Kaiser Aluminum manufactured many asbestos products for its high-heat processes. The company used asbestos-containing refractory materials and insulation products in its own plants, as well as sold them across the country.
Along with these manufacturing and construction materials, Kaiser Aluminum briefly imported raw asbestos fibers from international companies. In late 1968, the company sold raw asbestos fibers to five companies in New Jersey, New York, Pennsylvania and Texas. Additionally, from 1968 to 1977, the company sold asbestos-containing building paneling and siding under the brand name Mirawal Products.
Kaiser Aluminum used and sold asbestos materials between 1959 and 1982. However, records show asbestos was also used in 1940 at Henry J. Kaiser’s shipyards. Ships built in Kaiser Yards #1 and #2 in Richmond, California were known to contain asbestos.
Kaiser Aluminum Products Containing Asbestos
|Product Name||Start Year||End Year|
|Plastic K-N Plastic Chrome Ore||1974||1977|
|KR 1202/1204 M/C Brick||1974||1978|
|Coelex 60 Unitab Brick|
|Vee Block Insulation||1959||1974|
|Super D Block Insulation (6% Amosite)||1971||1974|
|Hard Top Finishing Cement – Mud||1959||1972|
|Plastic Insulation Cement||1959||1972|
|Kaiser Mineral Wool Cement||1959||1972|
|Vee Block Mix/Castable Insulating Cement||1959||1974|
|Birdsboard – a Mirawal building product with asbestos cement core||1968||1977|
03. Occupational Exposure
Kaiser Aluminum and Occupational Exposure
Kaiser Aluminum’s asbestos use may have exposed tens of thousands of workers and consumers. The company used the mineral in its aluminum refineries and plants and manufactured and sold asbestos products. During its asbestos use, Kaiser Aluminum employed 90,000 people.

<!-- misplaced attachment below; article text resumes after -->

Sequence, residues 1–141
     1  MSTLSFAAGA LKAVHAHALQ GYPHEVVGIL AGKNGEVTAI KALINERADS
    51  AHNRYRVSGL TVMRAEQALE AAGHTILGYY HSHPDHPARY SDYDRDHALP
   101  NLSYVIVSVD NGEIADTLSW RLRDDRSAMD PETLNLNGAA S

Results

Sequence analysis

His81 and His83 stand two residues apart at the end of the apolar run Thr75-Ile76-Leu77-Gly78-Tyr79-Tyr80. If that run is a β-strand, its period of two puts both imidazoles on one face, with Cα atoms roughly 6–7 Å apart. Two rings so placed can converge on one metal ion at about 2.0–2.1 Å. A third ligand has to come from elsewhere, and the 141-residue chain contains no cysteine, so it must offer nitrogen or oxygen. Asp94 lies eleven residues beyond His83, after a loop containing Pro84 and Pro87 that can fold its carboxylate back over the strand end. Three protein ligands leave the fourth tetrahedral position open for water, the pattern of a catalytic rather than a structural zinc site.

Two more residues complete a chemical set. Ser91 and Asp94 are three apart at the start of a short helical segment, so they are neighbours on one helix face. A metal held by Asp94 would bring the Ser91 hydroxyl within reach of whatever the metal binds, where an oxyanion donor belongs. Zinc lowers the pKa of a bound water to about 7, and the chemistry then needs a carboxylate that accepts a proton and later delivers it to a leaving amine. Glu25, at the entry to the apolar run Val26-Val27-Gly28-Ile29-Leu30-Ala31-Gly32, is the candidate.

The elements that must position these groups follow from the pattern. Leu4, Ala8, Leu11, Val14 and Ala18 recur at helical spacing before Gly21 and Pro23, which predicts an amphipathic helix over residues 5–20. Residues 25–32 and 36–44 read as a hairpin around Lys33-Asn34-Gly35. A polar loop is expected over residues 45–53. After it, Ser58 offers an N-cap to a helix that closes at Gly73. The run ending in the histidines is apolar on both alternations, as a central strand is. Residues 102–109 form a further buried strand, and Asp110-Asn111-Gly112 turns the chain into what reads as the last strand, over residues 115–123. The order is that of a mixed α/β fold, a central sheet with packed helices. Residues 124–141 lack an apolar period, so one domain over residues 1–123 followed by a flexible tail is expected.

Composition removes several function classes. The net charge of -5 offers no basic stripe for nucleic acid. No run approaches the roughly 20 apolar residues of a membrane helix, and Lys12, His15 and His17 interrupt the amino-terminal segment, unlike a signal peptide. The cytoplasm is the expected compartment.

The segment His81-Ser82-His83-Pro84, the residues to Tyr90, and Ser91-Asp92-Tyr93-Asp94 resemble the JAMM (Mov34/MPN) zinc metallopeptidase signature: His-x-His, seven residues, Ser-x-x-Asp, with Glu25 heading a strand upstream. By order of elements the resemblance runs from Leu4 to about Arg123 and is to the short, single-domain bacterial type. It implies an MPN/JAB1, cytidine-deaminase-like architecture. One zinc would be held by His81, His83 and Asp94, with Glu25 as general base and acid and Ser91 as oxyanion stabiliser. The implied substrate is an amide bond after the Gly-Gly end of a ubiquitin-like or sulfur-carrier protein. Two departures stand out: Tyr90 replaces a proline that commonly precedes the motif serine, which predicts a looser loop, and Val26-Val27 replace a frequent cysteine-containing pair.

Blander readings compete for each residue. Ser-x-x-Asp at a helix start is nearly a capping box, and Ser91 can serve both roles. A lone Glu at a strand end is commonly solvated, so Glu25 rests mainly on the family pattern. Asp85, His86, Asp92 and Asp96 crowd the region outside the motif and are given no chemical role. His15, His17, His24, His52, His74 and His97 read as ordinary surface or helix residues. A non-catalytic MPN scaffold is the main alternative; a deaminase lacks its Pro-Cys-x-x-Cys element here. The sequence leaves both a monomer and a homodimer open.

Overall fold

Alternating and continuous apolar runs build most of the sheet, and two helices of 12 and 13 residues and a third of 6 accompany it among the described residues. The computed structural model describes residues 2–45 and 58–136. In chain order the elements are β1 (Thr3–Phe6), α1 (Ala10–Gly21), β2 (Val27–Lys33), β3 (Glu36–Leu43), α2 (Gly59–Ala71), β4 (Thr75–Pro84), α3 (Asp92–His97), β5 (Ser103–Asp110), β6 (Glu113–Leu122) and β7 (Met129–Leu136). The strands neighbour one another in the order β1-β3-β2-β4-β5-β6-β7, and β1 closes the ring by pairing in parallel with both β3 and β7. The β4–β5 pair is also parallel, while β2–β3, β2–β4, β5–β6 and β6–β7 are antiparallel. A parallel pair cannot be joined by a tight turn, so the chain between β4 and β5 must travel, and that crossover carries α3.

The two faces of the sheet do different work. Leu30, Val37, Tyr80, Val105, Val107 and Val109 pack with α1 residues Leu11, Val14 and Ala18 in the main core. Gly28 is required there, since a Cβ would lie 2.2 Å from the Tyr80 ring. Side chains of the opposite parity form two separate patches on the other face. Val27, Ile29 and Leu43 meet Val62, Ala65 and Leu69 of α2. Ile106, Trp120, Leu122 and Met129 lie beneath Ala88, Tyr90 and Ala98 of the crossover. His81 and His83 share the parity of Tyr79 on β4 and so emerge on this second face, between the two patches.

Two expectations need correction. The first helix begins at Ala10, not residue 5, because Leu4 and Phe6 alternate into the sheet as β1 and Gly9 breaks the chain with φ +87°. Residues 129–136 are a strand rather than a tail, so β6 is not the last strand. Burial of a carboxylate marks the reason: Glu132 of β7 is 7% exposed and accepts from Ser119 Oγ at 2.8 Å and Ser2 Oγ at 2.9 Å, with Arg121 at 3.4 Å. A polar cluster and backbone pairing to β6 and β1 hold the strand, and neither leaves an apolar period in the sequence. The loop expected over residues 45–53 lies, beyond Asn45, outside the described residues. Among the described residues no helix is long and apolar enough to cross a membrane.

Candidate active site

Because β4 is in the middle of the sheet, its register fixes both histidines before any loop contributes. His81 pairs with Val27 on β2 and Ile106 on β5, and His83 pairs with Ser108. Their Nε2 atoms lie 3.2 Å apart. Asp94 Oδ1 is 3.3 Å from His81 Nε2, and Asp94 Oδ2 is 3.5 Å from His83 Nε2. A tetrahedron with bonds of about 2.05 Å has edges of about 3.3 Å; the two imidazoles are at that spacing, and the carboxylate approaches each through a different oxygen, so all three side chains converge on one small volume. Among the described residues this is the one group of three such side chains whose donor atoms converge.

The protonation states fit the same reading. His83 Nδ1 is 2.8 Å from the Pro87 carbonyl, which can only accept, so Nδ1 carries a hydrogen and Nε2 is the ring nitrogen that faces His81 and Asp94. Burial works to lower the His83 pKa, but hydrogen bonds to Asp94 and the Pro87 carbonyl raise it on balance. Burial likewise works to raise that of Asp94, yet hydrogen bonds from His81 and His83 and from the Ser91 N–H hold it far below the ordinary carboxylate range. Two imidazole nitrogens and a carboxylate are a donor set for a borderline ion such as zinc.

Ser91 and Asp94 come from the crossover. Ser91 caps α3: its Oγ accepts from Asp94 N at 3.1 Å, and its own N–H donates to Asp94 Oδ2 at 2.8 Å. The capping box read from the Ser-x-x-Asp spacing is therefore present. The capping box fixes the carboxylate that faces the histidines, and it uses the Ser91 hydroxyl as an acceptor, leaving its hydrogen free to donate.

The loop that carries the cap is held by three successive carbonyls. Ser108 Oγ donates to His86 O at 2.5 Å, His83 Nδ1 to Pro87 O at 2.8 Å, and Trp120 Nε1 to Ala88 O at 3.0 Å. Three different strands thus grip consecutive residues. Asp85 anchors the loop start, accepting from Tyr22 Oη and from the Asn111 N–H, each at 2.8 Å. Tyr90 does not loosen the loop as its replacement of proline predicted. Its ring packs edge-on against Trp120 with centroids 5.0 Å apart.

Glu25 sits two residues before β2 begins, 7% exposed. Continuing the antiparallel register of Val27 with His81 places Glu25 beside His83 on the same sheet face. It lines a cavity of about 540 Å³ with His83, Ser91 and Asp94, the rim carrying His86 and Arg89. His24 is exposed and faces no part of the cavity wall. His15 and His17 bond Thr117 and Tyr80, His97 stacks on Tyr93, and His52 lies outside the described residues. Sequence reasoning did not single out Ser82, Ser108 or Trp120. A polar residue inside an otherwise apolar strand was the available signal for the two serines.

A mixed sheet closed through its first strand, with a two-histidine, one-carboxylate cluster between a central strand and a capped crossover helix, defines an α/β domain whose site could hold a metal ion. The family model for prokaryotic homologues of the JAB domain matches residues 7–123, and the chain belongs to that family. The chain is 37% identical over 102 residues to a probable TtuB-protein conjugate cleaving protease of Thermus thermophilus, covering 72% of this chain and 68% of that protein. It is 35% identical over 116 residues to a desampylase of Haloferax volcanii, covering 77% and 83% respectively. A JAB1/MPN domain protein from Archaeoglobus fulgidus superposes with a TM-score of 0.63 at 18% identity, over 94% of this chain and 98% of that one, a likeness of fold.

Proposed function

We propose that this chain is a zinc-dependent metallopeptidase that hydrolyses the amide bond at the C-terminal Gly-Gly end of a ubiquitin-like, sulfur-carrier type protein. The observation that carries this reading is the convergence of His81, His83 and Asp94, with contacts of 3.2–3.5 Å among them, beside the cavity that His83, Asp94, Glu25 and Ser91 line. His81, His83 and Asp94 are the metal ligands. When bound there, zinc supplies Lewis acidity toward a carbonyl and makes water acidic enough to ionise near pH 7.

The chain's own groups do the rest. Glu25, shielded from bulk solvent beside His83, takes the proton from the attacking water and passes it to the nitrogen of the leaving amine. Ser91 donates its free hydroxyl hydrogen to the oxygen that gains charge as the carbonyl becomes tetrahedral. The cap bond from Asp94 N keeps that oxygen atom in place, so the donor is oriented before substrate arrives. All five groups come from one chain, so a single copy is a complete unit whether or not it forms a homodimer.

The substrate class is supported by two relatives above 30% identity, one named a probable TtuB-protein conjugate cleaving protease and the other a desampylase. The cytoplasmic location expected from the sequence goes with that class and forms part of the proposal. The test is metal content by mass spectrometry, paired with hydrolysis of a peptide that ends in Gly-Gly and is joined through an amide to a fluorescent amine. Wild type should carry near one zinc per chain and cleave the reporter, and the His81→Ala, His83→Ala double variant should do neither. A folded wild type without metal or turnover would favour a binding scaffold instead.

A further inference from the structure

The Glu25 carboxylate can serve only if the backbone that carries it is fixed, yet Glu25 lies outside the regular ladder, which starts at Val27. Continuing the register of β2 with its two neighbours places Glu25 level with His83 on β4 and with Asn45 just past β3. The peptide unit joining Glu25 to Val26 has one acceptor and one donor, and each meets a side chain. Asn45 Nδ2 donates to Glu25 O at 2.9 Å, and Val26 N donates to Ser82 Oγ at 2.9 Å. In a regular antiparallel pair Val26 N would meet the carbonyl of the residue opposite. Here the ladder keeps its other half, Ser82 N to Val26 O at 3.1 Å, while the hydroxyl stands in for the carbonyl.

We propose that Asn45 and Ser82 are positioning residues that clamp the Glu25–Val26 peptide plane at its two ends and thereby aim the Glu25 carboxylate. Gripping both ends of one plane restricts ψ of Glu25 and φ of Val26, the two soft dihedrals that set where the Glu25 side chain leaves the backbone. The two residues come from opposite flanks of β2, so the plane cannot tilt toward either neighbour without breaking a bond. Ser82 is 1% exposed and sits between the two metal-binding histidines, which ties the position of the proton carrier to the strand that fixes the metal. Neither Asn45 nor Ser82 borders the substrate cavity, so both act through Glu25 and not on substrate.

The company’s aluminum manufacturing workers were among the most at risk of asbestos exposure. Employees of Kaiser Aluminum were most likely to be exposed from 1959 to 1978. Following this period, the company ceased asbestos use, but circulated asbestos products until 1982.
In a 2011 report, the company identified 694 separate sites where its asbestos products were handled or sold, which exposed people across many industries to asbestos. Indirect exposure from Kaiser Aluminum’s involvement in shipyards and the aerospace industry may also have caused occupational asbestos exposure.
Occupations Impacted by Kaiser Aluminum’s Asbestos Use
04. Asbestos Litigation
Asbestos Litigation Against Kaiser Aluminum
Asbestos claims against Kaiser Aluminum began in the 1980s and continue to be filed today. The company filed for Chapter 11 Bankruptcy in 2002, as a result of the increasing number of claims. At the time of filing, the company had around $100 million in asbestos liability.
Kaiser Aluminum’s Asbestos Liability Before Bankruptcy
- In 2000, the company faced 110,800 pending claims and paid $99.5 million in settlement and defense costs.
- By the end of September 2001, the company faced 112,400 pending claims and spent $86.9 million in litigation costs.